Things to Know About Downloading Music (Hypertext student newsletter)

This story written by Mara Abrams, a senior in Communication and Psychology, was originally published in the Summer 2004 edition of the Hypertext quarterly student newsletter. Go to http://scg/hypertext/2004summer.pdf to view a downloadable PDF of the entire newsletter.

Copyright issues surrounding file-sharing and the downloading of music and other digital media are popular topics of discussion in the news and at universities nationwide. To help you better understand your rights, responsibilities, and options as a UC Davis student, we've developed this list of tips.

  • Legal file-sharing options abound
    There are many legal uses of file-sharing programs. Some may find it useful when sharing non-copyrighted info for a group project. There are many options for safely downloading music:

    • Music Clips: At the very least, you can legally listen to clips of music through your favorite artists' Web sites. You can also listen to and download entire songs from selected featured artists (which change from week to week) on the Web sites of popular music channels, such as MTV.com.
    • Internet Radio: LAUNCH Music (www.launch.yahoo.com) is one online radio station that streams music from the genres you select as your favorites. Live365 (www.live365.com) allows you to listen to a more eclectic variety of music available through other users' playlists.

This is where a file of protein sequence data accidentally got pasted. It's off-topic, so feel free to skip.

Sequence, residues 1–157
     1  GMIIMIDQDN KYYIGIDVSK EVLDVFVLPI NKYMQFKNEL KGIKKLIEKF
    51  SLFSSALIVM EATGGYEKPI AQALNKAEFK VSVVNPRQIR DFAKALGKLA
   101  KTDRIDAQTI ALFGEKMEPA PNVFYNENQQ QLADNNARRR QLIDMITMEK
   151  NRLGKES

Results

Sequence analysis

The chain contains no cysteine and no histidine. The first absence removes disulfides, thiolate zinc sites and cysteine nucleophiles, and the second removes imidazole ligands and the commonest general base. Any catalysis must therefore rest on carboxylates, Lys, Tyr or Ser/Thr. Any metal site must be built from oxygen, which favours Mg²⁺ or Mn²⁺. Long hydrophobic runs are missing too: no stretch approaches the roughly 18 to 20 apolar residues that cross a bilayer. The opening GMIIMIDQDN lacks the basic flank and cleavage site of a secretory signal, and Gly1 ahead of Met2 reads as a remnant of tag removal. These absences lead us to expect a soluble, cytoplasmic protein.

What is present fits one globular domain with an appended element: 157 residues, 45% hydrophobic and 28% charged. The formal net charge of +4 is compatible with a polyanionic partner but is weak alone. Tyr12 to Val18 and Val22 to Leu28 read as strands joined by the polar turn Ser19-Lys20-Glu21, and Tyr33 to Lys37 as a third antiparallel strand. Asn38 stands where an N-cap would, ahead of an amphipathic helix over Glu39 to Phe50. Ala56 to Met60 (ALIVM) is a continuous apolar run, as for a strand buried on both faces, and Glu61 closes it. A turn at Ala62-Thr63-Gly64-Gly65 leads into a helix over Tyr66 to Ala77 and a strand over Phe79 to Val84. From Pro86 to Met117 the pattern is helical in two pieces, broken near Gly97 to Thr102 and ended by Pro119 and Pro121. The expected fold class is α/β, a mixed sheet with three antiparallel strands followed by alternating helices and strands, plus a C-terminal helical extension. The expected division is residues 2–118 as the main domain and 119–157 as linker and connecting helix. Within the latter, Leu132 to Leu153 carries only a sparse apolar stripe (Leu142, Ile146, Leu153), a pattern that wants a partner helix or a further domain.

• Songs a la Carte: Many services offer individually downloadable songs for under a dollar, with Napster, iTunes Music Store, and MusicMatch usually charging ninety-nine cents per song. Some sites allow you to previe w a 15-20 second clip of the song before you download it.
    • Subscription Services: Subscription services like Rhapsody (http://www.listen.com) provide the option of streaming music for $9.95 per month.
  • Your file-sharing activities are not anonymous
    The Recording Industry Association of America (RIAA) and other license holders employ scanning technology that can scope out computer networks (including UC Davis) and detect copyright infringement. That's how they sued four college students last year, with settlements ranging from $12,000 to 17,000.
  • UC Davis cannot protect you from getting sued
    Subpoenas are often issued to Internet Service Providers (like UC Davis) in an attempt to collect copyright violators' names. If UC Davis receives such a subpoena, it will do its best to contact an individual prior to releasing identifying information, but will still respond to every lawful claim. If your computer is found to be illegally trading movies, music, etc., even if a visitor used your computer to do it, an Area Conduct Coordinator will meet with you to determine your level of responsibility. If found responsible, you will receive a formal warning from Student Housing, and your name will be placed on record with Student Judicial Affairs. In the meantime, your port will be disabled, and may remain disabld for 7-10 days or more after the matter is resolved.

To avoid running into these issues and for more info, check out the File Sharing section of the Student Computing Guide (scg.ucdavis.edu/downloading.cfm). You can also send your file sharing questions to dmca-info@ucdavis.edu.